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The efficacy of daily snack replacement with oligofructose-enriched granola bars in overweight and obese adults: a 12-week randomised controlled trial

  • Korrie Pol (a1), Cees de Graaf (a1), Diederick Meyer (a2) and Monica Mars (a1)

Oligofructose is a prebiotic dietary fibre obtained from chicory root inulin. Oligofructose supplementation may affect satiety, food intake, body weight and/or body composition. The aim was to examine the efficacy of oligofructose-supplemented granola bars on the following weight management outcomes: satiety, energy intake, body weight and body composition in overweight or obese adults. In all, fifty-five adults with overweight or obesity (thirty-six females/nineteen males; age: 41 (sd 12) years; 90·6 (sd 11·8) kg; BMI: 29·4 (sd 2·6) kg/m2) participated in a parallel, triple-blind, placebo-controlled intervention. A total of twenty-nine subjects replaced their snacks twice a day with an equienergetic granola bar supplemented with 8 g of oligofructose (OF-Bar). Subjects in the control group (n 26) replaced their snack with a control granola bar without added oligofructose (Co-Bar). Satiety, 24-h energy intake, body weight and body composition (fat mass and waist circumference) were measured at baseline, weeks 6 and 12. In addition, weekly appetite and gastrointestinal side effects were measured. During the intervention, energy intake, body weight and fat mass remained similar in the Co-Bar and OF-Bar groups (all P>0·05). Both groups lost 0·3 (sd 1·2) kg lean mass (P<0·01) and reduced their waist circumference with −2·2 (sd 3·6) cm (P<0·0001) after 12 weeks. The OF-Bar group reported decreased hunger in later weeks of the intervention (P=0·04), less prospective food consumption (P=0·03) and less thirst (P=0·003). To conclude, replacing daily snacks for 12 weeks with oligofructose-supplemented granola bars does not differentially affect energy intake, body weight and body composition compared with a control bar. However, there was an indication that appetite was lower after oligofructose bar consumption.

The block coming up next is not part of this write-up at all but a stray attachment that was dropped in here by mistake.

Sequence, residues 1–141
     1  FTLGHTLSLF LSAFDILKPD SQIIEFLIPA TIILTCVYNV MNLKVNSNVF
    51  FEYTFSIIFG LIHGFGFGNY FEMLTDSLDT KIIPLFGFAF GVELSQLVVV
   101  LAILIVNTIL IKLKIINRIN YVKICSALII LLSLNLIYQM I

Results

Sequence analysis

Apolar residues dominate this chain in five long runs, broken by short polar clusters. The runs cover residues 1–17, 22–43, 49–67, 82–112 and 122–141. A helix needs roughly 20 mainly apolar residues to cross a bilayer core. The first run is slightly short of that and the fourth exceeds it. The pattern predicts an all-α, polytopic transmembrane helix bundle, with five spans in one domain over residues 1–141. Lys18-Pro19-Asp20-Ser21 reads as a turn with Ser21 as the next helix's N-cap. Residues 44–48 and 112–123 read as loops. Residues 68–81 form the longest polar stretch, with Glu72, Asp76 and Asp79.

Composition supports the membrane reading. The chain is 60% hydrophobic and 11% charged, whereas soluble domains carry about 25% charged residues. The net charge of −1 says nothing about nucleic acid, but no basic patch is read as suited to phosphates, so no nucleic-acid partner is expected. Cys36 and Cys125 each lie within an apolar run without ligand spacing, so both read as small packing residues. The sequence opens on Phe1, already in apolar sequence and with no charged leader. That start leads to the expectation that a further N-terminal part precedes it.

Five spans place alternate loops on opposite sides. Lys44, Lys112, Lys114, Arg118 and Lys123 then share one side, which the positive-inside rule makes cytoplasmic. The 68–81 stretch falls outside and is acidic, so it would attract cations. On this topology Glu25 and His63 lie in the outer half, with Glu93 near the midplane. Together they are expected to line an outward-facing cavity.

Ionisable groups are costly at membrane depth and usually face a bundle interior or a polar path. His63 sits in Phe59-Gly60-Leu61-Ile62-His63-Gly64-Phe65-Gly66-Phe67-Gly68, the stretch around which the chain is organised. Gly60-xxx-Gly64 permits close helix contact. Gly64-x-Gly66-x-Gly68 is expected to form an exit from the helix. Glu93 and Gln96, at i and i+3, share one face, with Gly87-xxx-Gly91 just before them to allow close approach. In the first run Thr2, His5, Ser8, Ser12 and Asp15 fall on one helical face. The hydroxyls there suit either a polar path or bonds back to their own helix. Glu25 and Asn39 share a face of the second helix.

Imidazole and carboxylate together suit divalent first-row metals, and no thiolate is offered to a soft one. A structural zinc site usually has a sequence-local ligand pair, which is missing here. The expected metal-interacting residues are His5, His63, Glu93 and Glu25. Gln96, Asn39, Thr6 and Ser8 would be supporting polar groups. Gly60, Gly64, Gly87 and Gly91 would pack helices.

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* Corresponding author: M. Mars, email
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